# Solving Diophantine equation stuck, what do I do next?

1. Sep 9, 2010

### jdnhldn

1. The problem statement, all variables and given/known data
I am trying to determine if an diophantine equation is solveable or not. And got stuck at one point.

2. Relevant equations
61x+37y=2

3. The attempt at a solution
I've found the gcd(61,37)=1 by:

61/37=1 %24
37/24=1 %13
24/13=1 %11
13/11=1 %2
11/2=5 %1
2/1=2 %0

So gcd(61,37)=1

I know that I now should go backwards and express gcd(61,37) as a linear combination of61 and 37. But I don't understand it?

2. Sep 9, 2010

### annoymage

you should do like this, it maybe help to see

61 = (1)37 + 24
37 = (1)24 + 13
24 = (1)13 + 11
13 = (1)11 + 2
11 =(5)2 +1

so 1 = 11 - (5)2

you know 2 = 13 - (1)11 and 11 = 24 - (1)13 and similar to 13 and 24

just play with the numbers until you get the form 1 = (...)61 + (...)37

3. Sep 10, 2010

### jdnhldn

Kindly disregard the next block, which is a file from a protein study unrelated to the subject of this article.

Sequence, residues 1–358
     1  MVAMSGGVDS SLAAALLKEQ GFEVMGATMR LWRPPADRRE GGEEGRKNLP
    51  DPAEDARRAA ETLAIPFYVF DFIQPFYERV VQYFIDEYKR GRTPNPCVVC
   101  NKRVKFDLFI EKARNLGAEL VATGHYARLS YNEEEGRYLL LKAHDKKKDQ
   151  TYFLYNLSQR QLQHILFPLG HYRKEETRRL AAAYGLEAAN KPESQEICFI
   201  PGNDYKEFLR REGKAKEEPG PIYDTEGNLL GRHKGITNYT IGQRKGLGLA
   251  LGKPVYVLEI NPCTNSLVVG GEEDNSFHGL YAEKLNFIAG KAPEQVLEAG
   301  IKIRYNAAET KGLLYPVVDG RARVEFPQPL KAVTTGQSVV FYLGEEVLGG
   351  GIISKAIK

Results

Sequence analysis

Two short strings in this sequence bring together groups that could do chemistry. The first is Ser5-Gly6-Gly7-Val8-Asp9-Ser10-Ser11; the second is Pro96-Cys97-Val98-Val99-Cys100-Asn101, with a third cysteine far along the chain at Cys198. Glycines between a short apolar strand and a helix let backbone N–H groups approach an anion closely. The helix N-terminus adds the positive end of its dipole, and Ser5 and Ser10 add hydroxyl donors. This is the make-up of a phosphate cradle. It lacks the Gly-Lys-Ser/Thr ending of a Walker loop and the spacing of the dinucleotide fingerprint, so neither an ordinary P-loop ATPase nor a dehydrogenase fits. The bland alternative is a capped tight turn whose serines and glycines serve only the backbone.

Thank you, but is there a quick way to see if the equation is solvable or not? Or do I need to go all the way to find out?

4. Sep 10, 2010

### least_action

You can always solve $$ax + by = k \text{gcd}(a,b)$$ (This is Bezout's identity and it is solved using the Euclidean algorithm).

Clearly if $$x',y'$$ solves $$ax' + by' = \text{gcd}(a,b)$$ then $$x = kx', y = ky'$$ solves $$ax + by = k \text{gcd}(a,b)$$, Thus you only have to work on $$ax' + by' = \text{gcd}(a,b)$$, you can use the hint annoymage gives to prove this once and for all (as well as calculate $$x'$$ and $$y'$$ in specific cases where the numbers are given).

5. Sep 11, 2010

### jdnhldn

Thank you, I've got it. Now I saw the lights.

6. Sep 12, 2010

### jdnhldn

The "(n)" made me see it clearly. Thank you so much.

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